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SBRP Alum Named Environmental Health Science Communication Fellow

By Rebecca Wilson
May 2009

A photograph of Kathleen McCarty.
Kathleen McCarty, above, was an SBRP trainee from 2002-2005. Her most recent synopsis (http://www.environmentalhealthnews.org/ehs/newscience/prebirth-lead-exposure-affects-childs-genes-disease/)Exit NIEHS is currently online. (Photo courtesy of NIEHS SBRP)

Superfund Basic Research Program (SBRP) Alumna Kathleen McCarty, Sc.D.(http://www.niehs.nih.gov/research/supported/srp/training/training2_s15.cfm), was named to the 2009 Science Communication Fellows program sponsored by Environmental Health Sciences, the publisher of Environmental Health News and The Daily Climate. She is among nine other junior scientists named to the yearlong program, which seeks to train scientists in the communication of scientific research and close the gap between environmental health research and the public understanding of research results.

McCarty (http://www.med.yale.edu/eph/faculty/mccarty.html)Exit NIEHS has extensive experience in interdisciplinary scientific work. She is an assistant professor at Yale University, holding a joint appointment with the Graduate School of Arts and Sciences and Yale Medical School Division of Environmental Health Sciences. She conducted her doctoral research on “Arsenic and Health in Taiwan and Bangladesh” at the Harvard School of Public Health, where she worked with the SBRP-funded group(http://tools.niehs.nih.gov/portfolio/sc/detail.cfm?appl_id=7499616) headed by David Christiani, M.D. (http://www.hsph.harvard.edu/faculty/david-christiani/)Exit NIEHS This was followed by a postdoctoral position at the University of North Carolina at Chapel Hill in the Epidemiology department, investigating environmental and genetic factors that influence biomarker response and susceptibility to breast cancer.

Environmental Health Sciences(http://www.environmentalhealthnews.org/about.html) is a non-profit organization dedicated to advancing public knowledge of environmental health sciences by providing access to worldwide news on a variety of subjects. Its Science Communication Fellows (http://www.environmentalhealthnews.org/nomination.html)Exit NIEHS program is unique in that it specifically seeks out scientists to communicate research findings, rather than environmental journalists or other science reporters. Each yearlong fellowship carries with it a stipend of $5,000.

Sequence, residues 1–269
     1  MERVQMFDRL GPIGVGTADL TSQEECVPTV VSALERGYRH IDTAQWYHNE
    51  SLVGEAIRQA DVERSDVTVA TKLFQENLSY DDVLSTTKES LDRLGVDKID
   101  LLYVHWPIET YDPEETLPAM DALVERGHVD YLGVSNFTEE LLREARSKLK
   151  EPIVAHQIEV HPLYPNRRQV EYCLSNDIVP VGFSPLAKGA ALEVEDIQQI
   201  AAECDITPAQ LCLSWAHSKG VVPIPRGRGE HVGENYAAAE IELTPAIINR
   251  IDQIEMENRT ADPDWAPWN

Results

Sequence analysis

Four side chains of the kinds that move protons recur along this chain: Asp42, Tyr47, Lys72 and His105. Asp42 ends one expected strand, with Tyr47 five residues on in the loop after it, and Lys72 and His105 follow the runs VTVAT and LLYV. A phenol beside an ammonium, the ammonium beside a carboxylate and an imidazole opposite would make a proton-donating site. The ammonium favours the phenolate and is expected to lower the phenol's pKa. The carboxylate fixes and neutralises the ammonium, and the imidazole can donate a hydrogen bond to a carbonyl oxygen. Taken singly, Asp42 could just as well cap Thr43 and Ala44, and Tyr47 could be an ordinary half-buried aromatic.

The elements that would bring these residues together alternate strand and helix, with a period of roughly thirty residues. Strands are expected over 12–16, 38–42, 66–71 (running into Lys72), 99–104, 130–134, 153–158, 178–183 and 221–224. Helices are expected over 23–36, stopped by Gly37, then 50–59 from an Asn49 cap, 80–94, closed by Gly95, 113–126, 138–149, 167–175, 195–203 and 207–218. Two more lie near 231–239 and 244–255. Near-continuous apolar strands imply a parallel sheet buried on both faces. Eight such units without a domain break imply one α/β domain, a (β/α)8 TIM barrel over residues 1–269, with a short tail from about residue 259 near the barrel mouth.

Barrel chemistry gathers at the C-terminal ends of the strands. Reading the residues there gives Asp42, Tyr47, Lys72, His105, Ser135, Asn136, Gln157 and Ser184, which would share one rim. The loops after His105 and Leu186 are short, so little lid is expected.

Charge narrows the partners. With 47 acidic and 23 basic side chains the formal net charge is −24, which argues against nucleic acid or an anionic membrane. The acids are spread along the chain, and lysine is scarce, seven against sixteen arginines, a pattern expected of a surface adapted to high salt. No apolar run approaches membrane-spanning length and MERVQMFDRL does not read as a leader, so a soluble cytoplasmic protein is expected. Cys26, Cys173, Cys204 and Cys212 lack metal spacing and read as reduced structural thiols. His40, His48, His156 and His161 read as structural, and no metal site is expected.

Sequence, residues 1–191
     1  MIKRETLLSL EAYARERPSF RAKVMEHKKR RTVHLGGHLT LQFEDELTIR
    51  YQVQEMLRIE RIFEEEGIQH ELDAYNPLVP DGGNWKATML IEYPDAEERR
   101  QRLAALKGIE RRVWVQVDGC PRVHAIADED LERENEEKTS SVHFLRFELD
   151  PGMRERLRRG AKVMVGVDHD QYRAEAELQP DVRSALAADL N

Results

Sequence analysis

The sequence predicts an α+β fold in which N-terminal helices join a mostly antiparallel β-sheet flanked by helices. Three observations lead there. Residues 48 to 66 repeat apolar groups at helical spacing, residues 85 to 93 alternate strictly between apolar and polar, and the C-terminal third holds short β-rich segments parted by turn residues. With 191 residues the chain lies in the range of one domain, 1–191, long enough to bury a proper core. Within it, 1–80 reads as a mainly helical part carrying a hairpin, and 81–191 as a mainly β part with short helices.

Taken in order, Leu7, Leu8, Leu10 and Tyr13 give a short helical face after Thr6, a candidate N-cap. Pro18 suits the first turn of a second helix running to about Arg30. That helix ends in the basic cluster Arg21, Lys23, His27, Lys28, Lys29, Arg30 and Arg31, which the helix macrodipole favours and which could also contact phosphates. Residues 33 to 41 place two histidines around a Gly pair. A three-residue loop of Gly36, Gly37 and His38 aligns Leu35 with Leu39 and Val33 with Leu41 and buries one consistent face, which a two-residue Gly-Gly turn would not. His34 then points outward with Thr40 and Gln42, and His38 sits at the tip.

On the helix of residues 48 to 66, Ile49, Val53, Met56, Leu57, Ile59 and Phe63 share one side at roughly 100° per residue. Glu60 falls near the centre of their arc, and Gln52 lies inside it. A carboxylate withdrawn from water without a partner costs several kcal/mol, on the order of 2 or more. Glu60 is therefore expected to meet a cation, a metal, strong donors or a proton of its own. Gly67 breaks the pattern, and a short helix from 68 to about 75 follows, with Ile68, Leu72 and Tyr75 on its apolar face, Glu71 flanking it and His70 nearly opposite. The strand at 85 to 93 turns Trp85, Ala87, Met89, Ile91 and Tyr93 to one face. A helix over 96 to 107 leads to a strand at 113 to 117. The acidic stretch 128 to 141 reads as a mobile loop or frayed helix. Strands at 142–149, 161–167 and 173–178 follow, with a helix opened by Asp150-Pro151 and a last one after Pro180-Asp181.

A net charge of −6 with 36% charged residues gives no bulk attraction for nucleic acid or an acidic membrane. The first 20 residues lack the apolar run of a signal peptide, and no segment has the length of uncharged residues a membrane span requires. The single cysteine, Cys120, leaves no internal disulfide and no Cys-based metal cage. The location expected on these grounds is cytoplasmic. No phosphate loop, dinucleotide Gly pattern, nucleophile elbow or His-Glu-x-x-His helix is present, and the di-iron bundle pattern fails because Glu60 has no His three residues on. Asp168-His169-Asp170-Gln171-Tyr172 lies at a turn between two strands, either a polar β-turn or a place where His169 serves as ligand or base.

The Fellows will work at the intersection of science and journalism. Each month, they will identify important research results and summarize them in order to make the conclusions more accessible to science reporters and the general public. In addition to these articles, the Fellows will write commentaries on the science behind current environmental health issues.

McCarty credits SBRP with her training in multidisciplinary science and her approach to science communication. Says McCarty, “Participating in this fellowship is just one of the many valuable contributions that the Superfund Basic Research Program has made to my career. Through this fellowship I am learning firsthand the value of being able to communicate the complexities of science in a manner that is meaningful to the audience — from the lay public to the veteran academic.”

Other 2009 Science Communication Fellows with NIEHS ties include NIEHS Postdoctoral Fellow Negin Martin, Ph.D. (http://www.niehs.nih.gov/news/newsletter/2009/february/neurobiology-fellowship.cfm)Exit NIEHS, and NIEHS Outstanding New Environmental Scientist (ONES) grantee and North Carolina State University Assistant Professor Heather Patisaul, Ph.D. (http://www4.ncsu.edu/~hbpatisa/)Exit NIEHS

(Rebecca Wilson is an environmental health information specialist for MDB, Inc., a contractor for the NIEHS Superfund Basic Research Program and Worker Education and Training Program.)



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